I don't expect the government to cancel Brexit outright on the first sniff of misconduct during the referendum, but I do expect them to conduct research to determine whether the misconduct could have influenced the result.  So far, the government has roundly refused to acknowledge any possibility that the referendum result could have been influenced by any of this behaviour, whilst failing to actually present any evidence to support their position.

Now, assuming we're going to leave, lets examine how we can do so.

The UK joined the EEC in 1975 and over the following 40 years, numerous other agreements have been build on top of this foundation in small increments.  To my mind, the idea that you can completely remove this foundation overnight without everything that was build on top of it collapsing seems like nonsense.  The only sane way I can see to leave the EU without catastrophic collateral damage, is to leave in the same way as we entered: Start by leaving the EU but remaining part of the EEA and the various agencies and agreements that we participate in.  Then spend the next 30-40 years incrementally unpicking the tangle of agreements to gradually extricate ourselves from the parts of the EU that we want to be rid of.

There are a few, very vocal, people shouting "just leave".  Promoting the idea that we should just bomb out of the EU without any kind of an agreement to ensure an orderly withdrawal.  They remind me of some customers I have to deal with who, when faced with a problem just yell "I don't care, just fix it" despite us making protestations that "it's quite complicated".  When dealing with those customers, I can always guarantee that any problems created by "just fixing it" will be considered our fault rather than the fault of the customer for refusing to listen when we tried to explain what collateral damage may be caused.  The people shouting "just leave" never seem to be able to present a coherent idea about how they can mitigate the myriad of agreements that will inevitably collapse when their foundations are pulled from under them.  The most obvious is of course the Good Friday Agreement, the collapse of which could well lead to a reformation of the IRA, regular bombings and the breakup of the UK.

So there we go, however this turns out, this will be an utter failure of democracy:
  • Information regarding the impact of leaving was not made available to the public prior to the referendum, so there was no chance of an informed choice being made by the public.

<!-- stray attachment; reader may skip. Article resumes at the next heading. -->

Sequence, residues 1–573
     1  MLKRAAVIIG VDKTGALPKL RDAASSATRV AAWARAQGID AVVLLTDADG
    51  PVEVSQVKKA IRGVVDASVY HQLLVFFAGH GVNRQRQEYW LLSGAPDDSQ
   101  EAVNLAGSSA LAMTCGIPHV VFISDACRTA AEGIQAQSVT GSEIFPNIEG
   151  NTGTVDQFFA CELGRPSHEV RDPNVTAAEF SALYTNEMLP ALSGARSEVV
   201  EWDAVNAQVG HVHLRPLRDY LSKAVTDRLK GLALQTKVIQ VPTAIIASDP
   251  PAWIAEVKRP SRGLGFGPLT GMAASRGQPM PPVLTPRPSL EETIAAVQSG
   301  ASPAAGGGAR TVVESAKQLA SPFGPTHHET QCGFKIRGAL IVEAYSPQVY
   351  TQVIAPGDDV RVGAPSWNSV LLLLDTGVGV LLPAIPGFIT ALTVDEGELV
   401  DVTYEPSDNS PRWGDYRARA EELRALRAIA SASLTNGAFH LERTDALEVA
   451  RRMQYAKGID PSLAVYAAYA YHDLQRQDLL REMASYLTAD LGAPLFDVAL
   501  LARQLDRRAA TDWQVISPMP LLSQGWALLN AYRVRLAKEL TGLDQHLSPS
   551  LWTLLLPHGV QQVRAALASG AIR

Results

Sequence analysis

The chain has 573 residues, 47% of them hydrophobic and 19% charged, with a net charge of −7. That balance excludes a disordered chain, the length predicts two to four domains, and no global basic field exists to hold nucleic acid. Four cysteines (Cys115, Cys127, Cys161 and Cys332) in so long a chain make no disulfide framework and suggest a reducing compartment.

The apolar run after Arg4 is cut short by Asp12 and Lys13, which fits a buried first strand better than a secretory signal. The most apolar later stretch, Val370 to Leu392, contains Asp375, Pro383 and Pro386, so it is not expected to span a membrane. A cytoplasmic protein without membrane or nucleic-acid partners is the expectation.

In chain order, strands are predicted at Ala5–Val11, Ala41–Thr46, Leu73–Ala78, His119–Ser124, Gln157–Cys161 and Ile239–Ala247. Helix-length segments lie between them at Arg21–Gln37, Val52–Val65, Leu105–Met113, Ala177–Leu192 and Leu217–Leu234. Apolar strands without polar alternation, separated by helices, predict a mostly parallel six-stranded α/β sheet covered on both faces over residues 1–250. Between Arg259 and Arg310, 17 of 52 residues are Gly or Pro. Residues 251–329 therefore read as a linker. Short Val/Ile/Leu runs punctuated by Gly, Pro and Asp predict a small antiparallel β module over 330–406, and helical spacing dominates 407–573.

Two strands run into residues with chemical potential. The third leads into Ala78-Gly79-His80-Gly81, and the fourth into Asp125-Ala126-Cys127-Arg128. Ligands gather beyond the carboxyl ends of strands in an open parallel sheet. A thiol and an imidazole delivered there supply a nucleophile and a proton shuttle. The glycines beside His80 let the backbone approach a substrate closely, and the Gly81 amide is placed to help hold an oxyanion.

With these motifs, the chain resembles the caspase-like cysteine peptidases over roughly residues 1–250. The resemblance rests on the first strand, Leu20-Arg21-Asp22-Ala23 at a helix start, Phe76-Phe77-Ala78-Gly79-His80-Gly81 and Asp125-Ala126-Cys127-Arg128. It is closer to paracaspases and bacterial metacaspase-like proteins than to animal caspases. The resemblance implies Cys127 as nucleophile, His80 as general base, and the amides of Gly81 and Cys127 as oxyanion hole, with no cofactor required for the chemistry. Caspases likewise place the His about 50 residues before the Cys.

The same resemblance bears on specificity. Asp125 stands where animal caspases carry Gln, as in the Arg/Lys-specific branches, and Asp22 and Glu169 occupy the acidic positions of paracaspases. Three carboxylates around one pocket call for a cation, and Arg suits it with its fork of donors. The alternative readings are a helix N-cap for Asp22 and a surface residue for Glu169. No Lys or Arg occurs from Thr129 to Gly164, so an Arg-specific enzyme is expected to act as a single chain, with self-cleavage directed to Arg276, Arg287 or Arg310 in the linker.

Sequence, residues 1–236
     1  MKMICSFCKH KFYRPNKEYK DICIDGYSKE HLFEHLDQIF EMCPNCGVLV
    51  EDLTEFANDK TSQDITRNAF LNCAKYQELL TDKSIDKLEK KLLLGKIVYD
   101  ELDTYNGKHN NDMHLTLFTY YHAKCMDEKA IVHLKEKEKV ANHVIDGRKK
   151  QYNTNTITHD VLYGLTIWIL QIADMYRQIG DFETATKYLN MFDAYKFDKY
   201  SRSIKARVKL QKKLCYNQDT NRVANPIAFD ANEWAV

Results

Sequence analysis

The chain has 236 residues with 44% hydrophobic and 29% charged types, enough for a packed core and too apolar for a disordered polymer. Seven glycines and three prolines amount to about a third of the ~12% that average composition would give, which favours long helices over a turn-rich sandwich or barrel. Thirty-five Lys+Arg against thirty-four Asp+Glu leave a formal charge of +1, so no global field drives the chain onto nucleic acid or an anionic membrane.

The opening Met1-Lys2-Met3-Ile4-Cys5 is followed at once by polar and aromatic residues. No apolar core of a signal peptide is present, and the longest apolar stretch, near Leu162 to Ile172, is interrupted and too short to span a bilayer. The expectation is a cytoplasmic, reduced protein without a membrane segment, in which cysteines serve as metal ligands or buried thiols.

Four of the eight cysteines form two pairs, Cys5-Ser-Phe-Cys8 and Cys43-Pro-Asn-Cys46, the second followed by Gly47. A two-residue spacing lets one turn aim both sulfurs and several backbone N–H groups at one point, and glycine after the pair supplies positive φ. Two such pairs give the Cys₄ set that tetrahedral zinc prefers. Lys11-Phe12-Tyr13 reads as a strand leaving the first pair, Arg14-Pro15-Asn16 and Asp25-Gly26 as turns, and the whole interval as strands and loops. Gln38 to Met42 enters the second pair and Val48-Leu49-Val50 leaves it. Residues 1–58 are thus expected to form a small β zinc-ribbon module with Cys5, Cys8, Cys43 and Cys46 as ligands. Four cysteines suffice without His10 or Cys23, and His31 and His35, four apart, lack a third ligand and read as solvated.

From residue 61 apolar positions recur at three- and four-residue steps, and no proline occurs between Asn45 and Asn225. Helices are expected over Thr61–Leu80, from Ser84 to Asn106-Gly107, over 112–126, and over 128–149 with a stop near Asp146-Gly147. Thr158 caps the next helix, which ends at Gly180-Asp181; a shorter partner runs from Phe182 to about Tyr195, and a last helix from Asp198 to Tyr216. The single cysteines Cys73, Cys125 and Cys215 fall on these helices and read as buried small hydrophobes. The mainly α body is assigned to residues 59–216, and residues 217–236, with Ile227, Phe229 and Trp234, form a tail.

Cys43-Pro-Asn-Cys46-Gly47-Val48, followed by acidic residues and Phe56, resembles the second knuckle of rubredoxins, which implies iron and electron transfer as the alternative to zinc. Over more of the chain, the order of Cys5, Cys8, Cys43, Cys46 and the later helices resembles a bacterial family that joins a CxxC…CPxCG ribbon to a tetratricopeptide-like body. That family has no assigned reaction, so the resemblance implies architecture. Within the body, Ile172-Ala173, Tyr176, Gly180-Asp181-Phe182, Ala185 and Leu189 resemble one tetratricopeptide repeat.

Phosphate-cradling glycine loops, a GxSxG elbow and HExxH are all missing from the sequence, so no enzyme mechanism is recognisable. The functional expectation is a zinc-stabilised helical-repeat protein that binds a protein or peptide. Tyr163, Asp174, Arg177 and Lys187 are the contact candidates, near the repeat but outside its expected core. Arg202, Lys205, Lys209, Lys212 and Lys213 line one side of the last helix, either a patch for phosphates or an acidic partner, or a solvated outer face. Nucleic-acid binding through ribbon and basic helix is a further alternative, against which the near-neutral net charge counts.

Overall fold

• Information regarding the impact of leaving wasn't made available to parliament, so there was no chance of an informed choice being made by MPs.
  • There is no way to know from the referendum result what the people who voted leave actually wanted in terms of things like EEA membership.  Never the less, the result is being used to support a course of action which is the exact opposite of what the campaigners said that voting "leave" would mean.
  • No matter how much evidence is presented to support it, any suggestion of the result being influenced by any wrongdoing is being shouted down whilst no counter-evidence is given.

Tuesday, 18 September 2018

Chasing wild geese

So, a quick one this morning.  One of our customers has been having problems accessing Lloyds Bank's corporate payments gateway.

The first thing they did was phone Lloyds (very sensible).  Lloyds told them that there were no problems at their end and to clear cookies, add the site to the ActiveX trusted sites list (seriously, why is anyone using ActiveX these days?), etc.  Still not working, so must be a problem with the customer's firewall.

So the customer phoned us.  We pointed a browser at (on an independent internet connection) and nothing happens - just sits there waiting.  So clearly Lloyds are having problems.

Lets try some slightly lower level debugging:
# openssl s_client -connect -servername
And it just sits there...  Eventually:
And more sitting there doing nothing...  Then eventually:
no peer certificate available
No client certificate CA names sent
SSL handshake has read 0 bytes and written 0 bytes
New, (NONE), Cipher is (NONE)
Secure Renegotiation IS NOT supported
Compression: NONE
Expansion: NONE
Oh dear...  I should've got a certificate back from that but instead the web server dropped the connection.  So a few of obvious problems to look into here: